America’s LGBT (lesbian, gay, bisexual, and transgender) demographic is growing old along with the rest of the population in their age group, but where they’ll live in retirement is a question that many are struggling to answer, reports the New York Times.
Fortunately, there are some LGBT-friendly retirement communities in the works, including Fountaingrove Lodge in Santa Rosa, Calif.—a $50 million project that will feature independent living and memory care in a continuing care environment.
The project is a sign of the graying of gay America; the first generations to live openly as homosexuals are now older. But gay rights advocates say the project is also a response to a troubling situation: the elderly gay population has struggled to secure stable housing.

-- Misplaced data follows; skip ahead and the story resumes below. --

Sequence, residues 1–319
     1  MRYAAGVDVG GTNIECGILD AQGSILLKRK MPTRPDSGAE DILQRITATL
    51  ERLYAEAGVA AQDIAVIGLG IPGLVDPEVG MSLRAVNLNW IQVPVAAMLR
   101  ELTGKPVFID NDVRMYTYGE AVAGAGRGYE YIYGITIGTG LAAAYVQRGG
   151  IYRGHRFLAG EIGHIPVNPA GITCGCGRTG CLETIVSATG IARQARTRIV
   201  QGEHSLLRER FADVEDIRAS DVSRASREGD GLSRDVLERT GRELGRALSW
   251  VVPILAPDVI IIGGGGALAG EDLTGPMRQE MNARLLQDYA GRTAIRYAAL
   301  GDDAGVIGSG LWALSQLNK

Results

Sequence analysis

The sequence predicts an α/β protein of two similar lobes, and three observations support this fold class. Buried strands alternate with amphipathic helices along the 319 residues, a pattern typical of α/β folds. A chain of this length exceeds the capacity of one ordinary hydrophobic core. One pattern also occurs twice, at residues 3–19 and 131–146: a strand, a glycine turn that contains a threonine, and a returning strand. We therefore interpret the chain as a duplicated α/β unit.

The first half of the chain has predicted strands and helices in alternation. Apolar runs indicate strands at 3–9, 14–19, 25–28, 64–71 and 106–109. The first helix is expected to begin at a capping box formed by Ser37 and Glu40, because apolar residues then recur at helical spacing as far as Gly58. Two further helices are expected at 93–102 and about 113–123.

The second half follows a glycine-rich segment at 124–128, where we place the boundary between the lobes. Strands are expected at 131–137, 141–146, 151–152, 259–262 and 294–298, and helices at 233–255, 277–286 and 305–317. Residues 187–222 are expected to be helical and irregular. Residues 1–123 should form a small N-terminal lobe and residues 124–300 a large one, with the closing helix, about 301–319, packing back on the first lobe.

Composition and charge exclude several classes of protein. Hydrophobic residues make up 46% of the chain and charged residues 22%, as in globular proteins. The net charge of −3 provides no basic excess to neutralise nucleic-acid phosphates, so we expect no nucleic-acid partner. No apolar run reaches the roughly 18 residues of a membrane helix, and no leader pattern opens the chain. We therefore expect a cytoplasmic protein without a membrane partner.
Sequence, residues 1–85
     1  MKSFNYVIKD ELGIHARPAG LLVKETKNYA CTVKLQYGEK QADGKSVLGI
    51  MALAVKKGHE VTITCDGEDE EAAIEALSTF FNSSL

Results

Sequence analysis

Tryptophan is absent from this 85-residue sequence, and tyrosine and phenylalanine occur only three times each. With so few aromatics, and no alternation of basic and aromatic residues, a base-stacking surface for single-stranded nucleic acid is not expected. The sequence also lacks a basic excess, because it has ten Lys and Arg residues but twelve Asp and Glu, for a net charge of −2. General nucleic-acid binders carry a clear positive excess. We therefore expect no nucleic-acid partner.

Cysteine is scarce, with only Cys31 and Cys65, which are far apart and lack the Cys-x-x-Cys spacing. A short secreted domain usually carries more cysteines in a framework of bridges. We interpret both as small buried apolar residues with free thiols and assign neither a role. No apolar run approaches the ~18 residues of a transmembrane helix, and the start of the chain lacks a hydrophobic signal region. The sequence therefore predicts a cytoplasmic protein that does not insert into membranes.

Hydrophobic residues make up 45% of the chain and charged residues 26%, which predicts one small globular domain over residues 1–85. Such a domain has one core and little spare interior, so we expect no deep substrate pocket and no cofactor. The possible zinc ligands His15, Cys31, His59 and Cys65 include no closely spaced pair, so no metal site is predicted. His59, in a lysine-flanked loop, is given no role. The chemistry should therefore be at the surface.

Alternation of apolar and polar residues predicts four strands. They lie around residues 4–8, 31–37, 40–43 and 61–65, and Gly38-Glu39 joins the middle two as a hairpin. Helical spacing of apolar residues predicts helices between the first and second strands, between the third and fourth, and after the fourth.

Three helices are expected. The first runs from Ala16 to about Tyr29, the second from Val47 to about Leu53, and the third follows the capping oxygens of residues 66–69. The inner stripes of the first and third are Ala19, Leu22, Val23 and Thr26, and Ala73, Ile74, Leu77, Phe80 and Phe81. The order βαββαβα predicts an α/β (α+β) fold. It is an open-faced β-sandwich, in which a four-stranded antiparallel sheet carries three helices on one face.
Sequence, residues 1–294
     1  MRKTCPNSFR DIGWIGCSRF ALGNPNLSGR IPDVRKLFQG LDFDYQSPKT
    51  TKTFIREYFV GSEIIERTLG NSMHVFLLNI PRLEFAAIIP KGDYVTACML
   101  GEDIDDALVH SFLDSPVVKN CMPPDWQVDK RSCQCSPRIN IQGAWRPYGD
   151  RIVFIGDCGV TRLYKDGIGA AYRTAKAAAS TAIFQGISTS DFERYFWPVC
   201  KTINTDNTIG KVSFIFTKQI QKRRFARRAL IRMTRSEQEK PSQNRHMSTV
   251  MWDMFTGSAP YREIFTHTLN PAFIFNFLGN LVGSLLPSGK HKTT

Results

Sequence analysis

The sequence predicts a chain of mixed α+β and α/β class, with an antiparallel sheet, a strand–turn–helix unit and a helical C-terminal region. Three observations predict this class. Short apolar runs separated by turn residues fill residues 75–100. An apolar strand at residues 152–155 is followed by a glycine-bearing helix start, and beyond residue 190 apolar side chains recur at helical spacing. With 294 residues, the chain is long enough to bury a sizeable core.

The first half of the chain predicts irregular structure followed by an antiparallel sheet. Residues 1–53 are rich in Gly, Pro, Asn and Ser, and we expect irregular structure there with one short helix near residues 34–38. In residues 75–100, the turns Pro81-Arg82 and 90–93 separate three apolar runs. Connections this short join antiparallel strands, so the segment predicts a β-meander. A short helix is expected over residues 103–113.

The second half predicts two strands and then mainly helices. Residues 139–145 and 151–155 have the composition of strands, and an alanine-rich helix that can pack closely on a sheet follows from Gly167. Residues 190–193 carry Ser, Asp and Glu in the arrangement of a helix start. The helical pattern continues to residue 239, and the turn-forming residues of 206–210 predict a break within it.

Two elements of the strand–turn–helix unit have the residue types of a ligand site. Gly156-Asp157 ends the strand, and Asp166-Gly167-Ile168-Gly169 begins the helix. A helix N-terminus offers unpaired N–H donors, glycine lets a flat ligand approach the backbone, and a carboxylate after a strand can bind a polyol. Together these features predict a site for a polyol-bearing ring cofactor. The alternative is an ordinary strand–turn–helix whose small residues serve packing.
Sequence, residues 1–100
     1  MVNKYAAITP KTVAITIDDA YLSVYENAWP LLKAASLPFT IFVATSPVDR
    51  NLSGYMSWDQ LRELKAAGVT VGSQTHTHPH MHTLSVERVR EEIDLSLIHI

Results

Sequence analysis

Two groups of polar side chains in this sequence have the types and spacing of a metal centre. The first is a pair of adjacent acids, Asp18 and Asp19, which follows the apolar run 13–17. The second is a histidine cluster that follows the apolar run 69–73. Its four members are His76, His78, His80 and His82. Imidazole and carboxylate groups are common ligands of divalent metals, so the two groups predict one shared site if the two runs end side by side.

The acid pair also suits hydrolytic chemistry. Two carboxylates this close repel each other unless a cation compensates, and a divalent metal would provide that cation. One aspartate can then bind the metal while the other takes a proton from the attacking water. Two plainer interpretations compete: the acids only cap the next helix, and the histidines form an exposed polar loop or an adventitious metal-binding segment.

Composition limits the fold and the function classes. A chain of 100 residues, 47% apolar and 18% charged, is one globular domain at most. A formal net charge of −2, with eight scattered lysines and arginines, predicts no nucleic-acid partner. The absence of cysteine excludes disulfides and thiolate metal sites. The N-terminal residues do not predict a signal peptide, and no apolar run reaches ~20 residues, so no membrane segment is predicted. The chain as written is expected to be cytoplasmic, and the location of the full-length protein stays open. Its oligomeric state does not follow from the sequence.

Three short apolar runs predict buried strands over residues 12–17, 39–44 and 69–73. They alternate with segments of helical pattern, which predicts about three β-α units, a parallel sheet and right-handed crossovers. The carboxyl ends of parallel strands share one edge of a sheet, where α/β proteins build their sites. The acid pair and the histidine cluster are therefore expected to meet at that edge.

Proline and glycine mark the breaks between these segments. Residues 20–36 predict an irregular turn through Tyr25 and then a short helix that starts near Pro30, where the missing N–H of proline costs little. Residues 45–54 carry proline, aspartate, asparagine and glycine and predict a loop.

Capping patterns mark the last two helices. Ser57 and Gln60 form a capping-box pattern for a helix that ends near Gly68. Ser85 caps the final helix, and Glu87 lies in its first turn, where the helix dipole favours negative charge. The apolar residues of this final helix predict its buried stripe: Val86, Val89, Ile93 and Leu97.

Communities like Fountaingrove are sorely needed, according to Services and Advocacy for G.L.B.T Elders, a group based in New York known as SAGE.
“L.G.B.T. elders often face discrimination when buying or renting a home and may be denied housing, including residency in mainstream retirement communities,” the group said in a November 2011 report.
A spokeswoman for SAGE pointed to several studies that have shown that elderly gays, lesbians and transgendered people are routinely denied housing and treated differently when applying — many even pose as heterosexual to lease or buy. It is common for same-sex couples to be separated when admitted to care facilities, as if they are not related.
Despite the need for gay-friendly senior housing, some similar retirement communities have struggled, reports the Times, with critics saying they were driven more by activism than sound economics.
Read the full New York Times article here.
Written by Alyssa Gerace